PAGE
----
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In the Douglas Kirkland on Photography series, well-known photographer Douglas Kirkland explores a variety of real-world photographic scenarios, sharing technique insights and critiquing the results.
In this installment of the series, Douglas goes on location and shows how to shoot photographs for publications. He begins with a look at the planning and packing involved in an on-location editorial shoot. Next, he shows how to construct a photo that tells a story about its subject. He demonstrates how to light and position the subject and use props to best tell the story. After getting the shot that will be on the article’s opening pages, he shoots documentary photos that show the subject in action.
Finally, he reviews the best images from the shoot and shows how he uses Photoshop to complete his workflow and refine the images. Douglas also shows how the final images were used by the magazine’s art director and describes how editorial photographers must compose shots with page design in mind by leaving space for typography and other elements.
Douglas Kirkland> The shoot is today. Basically it's for the Craft Magazine. We are doing the lead picture and what-- well, in their case, what they wanted, the art directors, is that they wanted a Hollywood look of this lady and glamorize her. So, what it's going to mean is taking a main soft box and the low light. We should have a 9-foot seamless with us and the stands for the seamless.
This is a good example of a typical day where we're going on a magazine assignment. And it's a slightly different type of shoot. This is not like a portrait shoot, a traditional portrait shoot. She is a crafts person and she's going to be making something with clay, which she is a great artist at, and what they want is a forceful lead picture and then they said "Keep your eyes open for anything else." When you go on location as photographer, it's an entirely different ball game because you must have everything there.
You can't say, "Oh, if I only had another da, da, da." You have must bring it with you. And again, it's a strobe day for a number of reasons. First, that's a type of lighting the client basically wants. They don't want the sense of available light, which I love often, but the look that we are going for is this radiant, beautiful image and we have to have everything there. We have to have the spot grids, we have to have make sure that the holders are there for the grids, the radio transmitters for our strobe lights. We have in what we call our blue case, we have three heads and two 1000 watt packs.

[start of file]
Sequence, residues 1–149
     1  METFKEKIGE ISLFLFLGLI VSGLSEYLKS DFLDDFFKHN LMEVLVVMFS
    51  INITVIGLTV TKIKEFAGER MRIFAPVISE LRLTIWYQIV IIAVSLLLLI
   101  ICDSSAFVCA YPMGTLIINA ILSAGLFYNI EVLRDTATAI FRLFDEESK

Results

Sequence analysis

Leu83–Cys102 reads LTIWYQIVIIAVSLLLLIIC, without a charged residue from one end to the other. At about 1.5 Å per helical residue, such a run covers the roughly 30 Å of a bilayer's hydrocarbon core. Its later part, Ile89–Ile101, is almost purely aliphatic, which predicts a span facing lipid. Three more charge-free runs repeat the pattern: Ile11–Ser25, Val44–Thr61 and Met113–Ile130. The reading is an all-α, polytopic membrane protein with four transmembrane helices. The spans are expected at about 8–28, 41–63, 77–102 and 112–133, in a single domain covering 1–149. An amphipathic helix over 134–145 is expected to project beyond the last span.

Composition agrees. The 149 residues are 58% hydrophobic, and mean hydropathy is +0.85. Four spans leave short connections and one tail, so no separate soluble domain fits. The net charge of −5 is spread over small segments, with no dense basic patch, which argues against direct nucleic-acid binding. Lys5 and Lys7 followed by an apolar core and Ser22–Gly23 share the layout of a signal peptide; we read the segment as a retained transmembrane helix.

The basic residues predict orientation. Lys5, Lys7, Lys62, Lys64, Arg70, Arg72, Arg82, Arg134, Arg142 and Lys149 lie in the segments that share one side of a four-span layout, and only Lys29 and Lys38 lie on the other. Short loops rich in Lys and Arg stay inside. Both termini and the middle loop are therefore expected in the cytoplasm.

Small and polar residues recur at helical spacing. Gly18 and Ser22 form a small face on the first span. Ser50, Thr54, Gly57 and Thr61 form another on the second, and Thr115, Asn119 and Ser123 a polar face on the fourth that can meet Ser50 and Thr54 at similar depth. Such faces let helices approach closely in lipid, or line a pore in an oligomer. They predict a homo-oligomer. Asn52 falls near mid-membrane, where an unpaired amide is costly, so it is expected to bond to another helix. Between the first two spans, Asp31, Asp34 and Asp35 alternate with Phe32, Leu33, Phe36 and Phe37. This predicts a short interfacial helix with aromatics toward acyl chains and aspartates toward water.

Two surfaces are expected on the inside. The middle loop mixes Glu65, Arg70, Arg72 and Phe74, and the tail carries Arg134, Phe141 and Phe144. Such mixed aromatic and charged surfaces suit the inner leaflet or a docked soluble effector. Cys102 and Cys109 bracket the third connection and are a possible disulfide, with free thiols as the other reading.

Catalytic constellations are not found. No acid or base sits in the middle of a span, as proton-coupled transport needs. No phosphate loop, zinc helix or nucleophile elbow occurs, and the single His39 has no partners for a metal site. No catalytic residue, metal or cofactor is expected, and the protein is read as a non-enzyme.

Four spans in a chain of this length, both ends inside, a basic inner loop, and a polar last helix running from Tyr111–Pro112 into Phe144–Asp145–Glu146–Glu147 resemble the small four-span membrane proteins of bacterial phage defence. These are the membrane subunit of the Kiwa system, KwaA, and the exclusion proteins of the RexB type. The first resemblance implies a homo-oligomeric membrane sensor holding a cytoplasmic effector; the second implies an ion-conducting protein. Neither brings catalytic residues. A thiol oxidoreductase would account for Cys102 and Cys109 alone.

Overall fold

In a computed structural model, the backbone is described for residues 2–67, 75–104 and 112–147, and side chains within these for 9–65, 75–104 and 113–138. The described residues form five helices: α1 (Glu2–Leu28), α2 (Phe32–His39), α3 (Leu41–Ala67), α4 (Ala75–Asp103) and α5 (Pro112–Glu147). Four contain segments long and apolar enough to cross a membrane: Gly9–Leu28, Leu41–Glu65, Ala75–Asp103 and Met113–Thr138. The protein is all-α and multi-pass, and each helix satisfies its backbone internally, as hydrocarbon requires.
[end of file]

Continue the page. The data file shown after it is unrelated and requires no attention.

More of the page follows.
So, you have to structure in your mind and you have to make choices. Especially this is one thing when we are in town, but it's even more complex, if you are going away as I've had to. For example, I was working on the film Australia. I was away for seven weeks. And you have to stop and think, what is everything I am going to need for the next seven weeks? And you better have it, because when you are out in the outback, thousands of miles, the other side of the Europe, you can't say "Gee, If I only had my special lens." You better bring it with you but at the same time, it's even more complicated because you can't take excess weight, because you have to drag all the stuff along.
Some people make a mistake of taking too much. So, the decisions are made, what you need, what you are going to use. Be practical. It's part of the game. Very, very important. This case is what we call the number one. Why do we call it the number one? Because it's the one that always goes. It's the one we put our meter in, our principal camera. See some of the transmitters are here. And in the side front pockets here we have lots of little tricks and things like there is a special screwdriver to tighten our tripod. There is a certain type of wrench that we require.
Here is a wonderful star and a mist filters that fit on our principal lenses. With adapters and otherwise. Sometimes, we can't take it if we are going certain parts the world but normally it's with us and has our meter in here. Anumber of our lenses are in here. Here's our 1DS Mark III here. That's the camera we're going to be principally using today and then there is a backup camera. I wouldn't go out without a backup camera. I don't want to go anywhere without one, because even though this equipment, modern equipment from I guess just about all manufacturers today but especially Canon, is highly reliable, weird things can happen and as a professional you cannot say "Hey I would gotten it, but the camera broke." The camera never breaks if you're really doing the job, whether you are professional or a serious amateur.
Bring back the goods. Again, I say, I repeat it, because that is what I must do today. No excuses! Just get the picture and make it good.
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